divine gift.   Had hc been conscious of
it hc would not havc possessed it long.
But others were conscious of it.    Customers had felt it; Pembroke had felt
it;   Mr.   Falconer had  felt it;   Hamid
Pasha had felt it; Miss Elliot had felt
it; and now Mr. Downing was feeling
it.    Ol all the people of whom he had
come in intimate contact the two who
had foil it least   were   Darthea    and
Miss Challand;  Darthea, because she
was herself too self-centred, and Miss
Chal and, because she was hide-bound
with  insular prejudice.
Rugglcs   then   told   of  the   fortune
left, him by  Hamid Pasha and its entailed   respe.it.sibilitics.    Mr.  Downing
relighted his cigar and then let it go
ont:  again.     Ruggles   described    how,
after ccrt-iin difficulties, he had managed   to   fulfill   his   sacred   obligation,
and  get  the  girls  safely betrothed to
���''-'''���'���mc* ,-.:-,iiinable husbands-elect.    Mr. Down-
**.-.lo;-p, | ;,,,, wondered if he were living in thc
������",.   '^-'twentieth  century.    All of this narra-
i tion  was  marvelously condensed,  yet
:"'���-  arn-1 lacking  in   no  important  detail.    The
u   whirl*':,tory oi Genesis in  Holy Writ might
h.ive* b,-r u Rugg'Ie's model for e.onipre-
iwii'-ivc C'lnrcntrnt ion.    it was at  this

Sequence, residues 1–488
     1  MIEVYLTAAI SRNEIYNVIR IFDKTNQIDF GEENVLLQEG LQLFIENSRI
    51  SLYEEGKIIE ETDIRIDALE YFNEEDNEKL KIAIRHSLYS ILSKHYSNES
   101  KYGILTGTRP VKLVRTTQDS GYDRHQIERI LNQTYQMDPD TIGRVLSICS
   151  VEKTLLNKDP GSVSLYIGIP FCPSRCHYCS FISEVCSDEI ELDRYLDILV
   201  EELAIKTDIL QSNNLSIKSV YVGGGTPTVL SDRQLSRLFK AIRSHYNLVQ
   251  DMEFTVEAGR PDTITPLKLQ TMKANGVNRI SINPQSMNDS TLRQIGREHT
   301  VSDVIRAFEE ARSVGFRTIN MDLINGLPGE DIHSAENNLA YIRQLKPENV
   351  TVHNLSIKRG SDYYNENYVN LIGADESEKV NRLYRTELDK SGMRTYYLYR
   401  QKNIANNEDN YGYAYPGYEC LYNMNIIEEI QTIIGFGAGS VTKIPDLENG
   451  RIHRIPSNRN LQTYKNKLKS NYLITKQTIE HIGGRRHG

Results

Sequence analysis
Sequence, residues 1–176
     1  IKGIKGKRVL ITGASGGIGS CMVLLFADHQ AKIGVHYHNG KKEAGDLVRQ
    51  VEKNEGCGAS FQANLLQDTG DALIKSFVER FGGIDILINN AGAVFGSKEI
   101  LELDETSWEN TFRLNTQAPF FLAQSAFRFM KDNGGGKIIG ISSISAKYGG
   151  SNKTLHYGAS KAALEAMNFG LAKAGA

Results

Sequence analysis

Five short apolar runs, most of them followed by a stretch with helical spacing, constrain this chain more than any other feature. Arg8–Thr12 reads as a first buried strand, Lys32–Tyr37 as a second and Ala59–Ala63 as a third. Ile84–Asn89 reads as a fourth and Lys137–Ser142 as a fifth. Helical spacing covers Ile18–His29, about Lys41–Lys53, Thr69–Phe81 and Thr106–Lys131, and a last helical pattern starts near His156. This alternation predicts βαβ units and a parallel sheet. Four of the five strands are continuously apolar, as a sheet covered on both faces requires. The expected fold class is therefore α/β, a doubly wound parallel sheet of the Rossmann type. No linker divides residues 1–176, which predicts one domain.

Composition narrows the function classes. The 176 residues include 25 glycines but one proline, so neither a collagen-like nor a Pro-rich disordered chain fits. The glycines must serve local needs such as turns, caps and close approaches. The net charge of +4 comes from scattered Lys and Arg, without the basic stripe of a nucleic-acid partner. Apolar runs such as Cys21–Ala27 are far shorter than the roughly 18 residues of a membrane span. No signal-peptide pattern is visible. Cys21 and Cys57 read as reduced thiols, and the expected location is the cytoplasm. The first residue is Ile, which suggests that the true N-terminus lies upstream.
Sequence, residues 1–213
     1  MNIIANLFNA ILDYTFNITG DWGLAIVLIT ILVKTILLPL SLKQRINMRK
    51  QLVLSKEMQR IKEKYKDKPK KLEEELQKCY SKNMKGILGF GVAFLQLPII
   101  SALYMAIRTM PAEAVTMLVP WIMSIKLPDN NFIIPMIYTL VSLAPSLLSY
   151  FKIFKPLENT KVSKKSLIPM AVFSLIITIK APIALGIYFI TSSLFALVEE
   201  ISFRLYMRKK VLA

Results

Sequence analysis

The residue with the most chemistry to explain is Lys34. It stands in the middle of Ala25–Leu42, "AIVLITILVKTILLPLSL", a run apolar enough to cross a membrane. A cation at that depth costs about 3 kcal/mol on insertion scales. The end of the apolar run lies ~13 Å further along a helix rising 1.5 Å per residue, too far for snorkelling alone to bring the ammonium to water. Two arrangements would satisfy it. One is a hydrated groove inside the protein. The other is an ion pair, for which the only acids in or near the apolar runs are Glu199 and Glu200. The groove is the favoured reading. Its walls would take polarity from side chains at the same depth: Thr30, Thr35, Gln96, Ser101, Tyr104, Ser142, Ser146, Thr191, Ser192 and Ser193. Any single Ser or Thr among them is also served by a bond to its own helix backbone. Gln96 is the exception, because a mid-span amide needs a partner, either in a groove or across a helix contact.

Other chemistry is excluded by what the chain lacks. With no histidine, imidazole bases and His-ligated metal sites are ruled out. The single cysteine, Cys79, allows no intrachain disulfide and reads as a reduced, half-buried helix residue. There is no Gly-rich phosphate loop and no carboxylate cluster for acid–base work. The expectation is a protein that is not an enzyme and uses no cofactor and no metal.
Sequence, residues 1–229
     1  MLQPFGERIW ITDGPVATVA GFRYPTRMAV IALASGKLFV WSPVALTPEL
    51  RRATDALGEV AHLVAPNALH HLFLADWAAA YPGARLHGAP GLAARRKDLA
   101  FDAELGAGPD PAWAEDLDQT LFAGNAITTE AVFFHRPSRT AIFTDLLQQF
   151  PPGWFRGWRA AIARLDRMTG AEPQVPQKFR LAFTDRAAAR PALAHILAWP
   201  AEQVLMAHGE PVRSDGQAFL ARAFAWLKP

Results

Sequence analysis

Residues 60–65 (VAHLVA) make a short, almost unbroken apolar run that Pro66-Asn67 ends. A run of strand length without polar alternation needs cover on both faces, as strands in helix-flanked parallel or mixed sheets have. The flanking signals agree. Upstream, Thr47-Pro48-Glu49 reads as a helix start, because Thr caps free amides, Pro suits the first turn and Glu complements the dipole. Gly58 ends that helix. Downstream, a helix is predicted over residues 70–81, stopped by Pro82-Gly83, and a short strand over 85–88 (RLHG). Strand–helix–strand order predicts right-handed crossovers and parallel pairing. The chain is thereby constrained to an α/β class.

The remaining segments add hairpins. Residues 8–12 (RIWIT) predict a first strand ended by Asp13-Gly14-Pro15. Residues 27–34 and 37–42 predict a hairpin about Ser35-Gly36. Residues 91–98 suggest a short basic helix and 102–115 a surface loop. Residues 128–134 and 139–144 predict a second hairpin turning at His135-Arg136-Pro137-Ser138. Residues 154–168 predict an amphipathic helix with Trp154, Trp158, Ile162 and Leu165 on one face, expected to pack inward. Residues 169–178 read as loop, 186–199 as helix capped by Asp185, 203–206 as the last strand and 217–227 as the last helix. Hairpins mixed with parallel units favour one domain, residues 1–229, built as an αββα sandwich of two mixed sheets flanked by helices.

permit that lie.* gave pause.
"Now ihr-. thing that's been sort of
hot ho riii tr i.u. Mr. Downing," said he,
"is v.'h.'M I'm going to do with mysi-U
afte-rwai'ds. These- girls will 'ill gel
Married ol' iiiis fall, and tin. u my job's
over, so Nr a . they're concerned.
.Vow I don't f*;i,*( aiiythini*; about this
sort of a lil'r*. Believe mc, sir, some
1'ii'Ti are.* niridi* to work' ami sonic to
play, anel I giif.s I'm one* of the.
working kiml. I liked to work for
the romp-uiy until it did mc dirt, and
I lo ,i civ In-ae! .md .ii'idr :, IY>ol of
my-.e-li'.     I'.'it.  you   *,'r,  I'd  so* I   <>!  oui-
But  "Diamond   Dyes"   Turned   Her
Faded, Old Shabby Apparel
Into New
Don't worry about perfect results.
Use "Diamond Dyes," guaranteed to
give a.new, rich, fadeless color lo any
fabric, whether it be wool, silk, linen,
cotton or mixed goods���dresses, blouses, stockings, skirts, children's coats,
feathers' draperies, coverings���everything!
Tbe Direction Book with each package tells how to diamond dye ovcr
any color.
To match any material, have dealer
show you "Diamond Dye" Color Card.
Low Priced Land in Western Canada
Is Attracting American
Sentiment in the United States,
which for a long period was apathetic
and even adverse, so-far as Manitoba
and other western. Canadian farm
lands were concerned, has undergone
a complete change in favor of the j
purchasing of tracts on this side of
thc border. This is the report that
was brought back from Chicago, 111.,
by L. Ascnault, president of the Ar-
senault agencies, limited, who has just
returned from ia southren business
Much of thc credit for this change
in public opinion is due to De Witt
Foster, superintendent of resources
for thc Canadian National Railways,
Mr. Arsenault said. Mr. Foster has
done great campaign work in various
states and has succeeded in convincing landseekers that land can bc purchased in western Canada for $25 per
acre equal to that for which they are
obliged to pay $400 per acre in thcir
own states.
This advertising of Western Canadian lands has interested men in Illinois,  Indiana,  Iowa,  Texas,  Minne-